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Jethro Tull - Stand Up CD (album) cover

STAND UP

Jethro Tull

 

Prog Folk

4.05 | 1213 ratings

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Epignosis
Special Collaborator
Eclectic Prog Team
2 stars Folk and blues dominates this early Jethro Tull record, and while the music is fairly good, there's not a lot to maintain my interest. Worse though, is that Ian Anderson sounds downright goofy singing as he does throughout many of the songs, almost as if he's deliberately being silly. At times the drums are hard-panned to the left, which really sounds irritating through headphones. This album is a mesh of smart blues rock and simple folk numbers, but nothing that is particularly progressive.

"A New Day Yesterday" This is a blues rock number close to old Led Zeppelin, heavy on the electric guitar, bass, drums, and harmonica. Anderson sounds completely unlike himself, as though singing in a most exaggerated way. His flute solo is rather bland also.

"Jeffrey Goes To Leicester Square" A pleasing short ditty with some folk-like sensibilities that makes me think of Gentle Giant a bit.

"Bourée" The third track is a nice jazz instrumental that makes me think of some of Van Morrison's jazzier songs. It's one where Anderson gets to show his stuff as a flutist, and one can hear his trademark inhalations also. Glenn Cornick gets in a good bass solo

"Back To The Family" Anderson's back to the exaggerated vocal styling heard on the first track, but this song gets points for Martin Barre's subtle (and yet not-so-subtle) guitar work.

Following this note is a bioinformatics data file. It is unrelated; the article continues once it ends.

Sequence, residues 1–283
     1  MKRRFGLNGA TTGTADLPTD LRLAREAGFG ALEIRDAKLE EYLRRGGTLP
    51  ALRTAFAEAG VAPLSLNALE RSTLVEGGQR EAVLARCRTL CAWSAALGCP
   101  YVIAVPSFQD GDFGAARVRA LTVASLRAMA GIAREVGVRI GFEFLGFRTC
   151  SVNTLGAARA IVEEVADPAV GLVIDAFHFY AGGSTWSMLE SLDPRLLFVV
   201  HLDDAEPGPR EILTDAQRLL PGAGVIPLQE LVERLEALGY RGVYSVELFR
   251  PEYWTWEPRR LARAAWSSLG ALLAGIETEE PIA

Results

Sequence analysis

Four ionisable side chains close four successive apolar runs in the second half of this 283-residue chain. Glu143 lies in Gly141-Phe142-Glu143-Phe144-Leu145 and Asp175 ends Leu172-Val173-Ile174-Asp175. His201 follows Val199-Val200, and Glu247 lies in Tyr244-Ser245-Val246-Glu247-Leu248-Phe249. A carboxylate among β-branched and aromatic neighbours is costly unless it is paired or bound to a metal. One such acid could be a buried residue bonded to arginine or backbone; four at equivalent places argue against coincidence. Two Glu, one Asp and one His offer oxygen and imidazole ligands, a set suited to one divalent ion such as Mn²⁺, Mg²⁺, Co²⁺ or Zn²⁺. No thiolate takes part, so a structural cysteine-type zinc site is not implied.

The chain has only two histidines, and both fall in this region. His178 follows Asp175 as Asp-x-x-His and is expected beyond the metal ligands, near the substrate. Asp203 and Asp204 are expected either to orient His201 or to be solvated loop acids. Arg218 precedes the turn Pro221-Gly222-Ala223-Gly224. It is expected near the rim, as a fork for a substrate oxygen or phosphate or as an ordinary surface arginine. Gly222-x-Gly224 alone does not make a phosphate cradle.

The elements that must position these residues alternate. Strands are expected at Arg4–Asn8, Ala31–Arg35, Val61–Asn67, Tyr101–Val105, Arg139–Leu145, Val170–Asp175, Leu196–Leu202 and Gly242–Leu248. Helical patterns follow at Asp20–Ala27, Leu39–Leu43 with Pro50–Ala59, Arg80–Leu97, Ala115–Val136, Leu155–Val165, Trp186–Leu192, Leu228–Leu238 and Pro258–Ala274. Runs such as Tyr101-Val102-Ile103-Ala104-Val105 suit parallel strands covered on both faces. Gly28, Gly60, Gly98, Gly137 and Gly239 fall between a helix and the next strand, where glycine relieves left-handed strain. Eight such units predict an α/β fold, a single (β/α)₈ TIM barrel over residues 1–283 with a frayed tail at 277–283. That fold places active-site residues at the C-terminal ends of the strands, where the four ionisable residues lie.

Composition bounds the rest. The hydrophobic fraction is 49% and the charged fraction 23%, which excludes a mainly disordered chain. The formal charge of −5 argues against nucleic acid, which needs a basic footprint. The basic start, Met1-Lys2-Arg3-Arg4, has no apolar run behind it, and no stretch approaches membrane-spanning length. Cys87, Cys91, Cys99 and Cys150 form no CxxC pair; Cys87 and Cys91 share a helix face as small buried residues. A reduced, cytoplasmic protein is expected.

"Look Into The Sun" Easygoing acoustic guitar plays underneath Anderson's voice, which is laced with a tremolo effect. It's a pleasing enough song, perhaps closer to the acoustic-based content on Minstrel in the Gallery.

"Nothing Is Easy" An interesting rocker right out of the 1960s, this song has some impressive drumming and guitar lead, but it isn't as memorable as anything that came before.

"Fat Man" Middle Eastern and Oriental flavors make up this otherwise silly song.

"We Used To Know" A simple chord progression on acoustic guitar makes for a decent rock song, and Barre engages in a lengthy guitar solo at the end.

"Reasons For Waiting" This is a beautiful song with some strings and more acoustic guitar, very close to the music on Minstrel in the Gallery.

"For A Thousand Mothers" This is probably the closest thing to progressive rock, with its fairly complex rhythm and interesting flute jamming, and Clive Bunker really goes at it, but the music does sounds a bit primitive.

Epignosis | 2/5 |

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